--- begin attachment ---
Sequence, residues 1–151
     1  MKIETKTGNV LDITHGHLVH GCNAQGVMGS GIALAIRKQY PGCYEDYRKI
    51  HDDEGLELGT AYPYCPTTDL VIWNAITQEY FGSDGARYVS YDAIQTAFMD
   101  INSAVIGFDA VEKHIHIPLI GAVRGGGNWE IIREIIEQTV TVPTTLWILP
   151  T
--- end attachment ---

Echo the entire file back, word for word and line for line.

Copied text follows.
Sequence, residues 1–151
     1  MKIETKTGNV LDITHGHLVH GCNAQGVMGS GIALAIRKQY PGCYEDYRKI
    51  HDDEGLELGT AYPYCPTTDL VIWNAITQEY FGSDGARYVS YDAIQTAFMD
   101  INSAVIGFDA VEKHIHIPLI GAVRGGGNWE IIREIIEQTV TVPTTLWILP
   151  T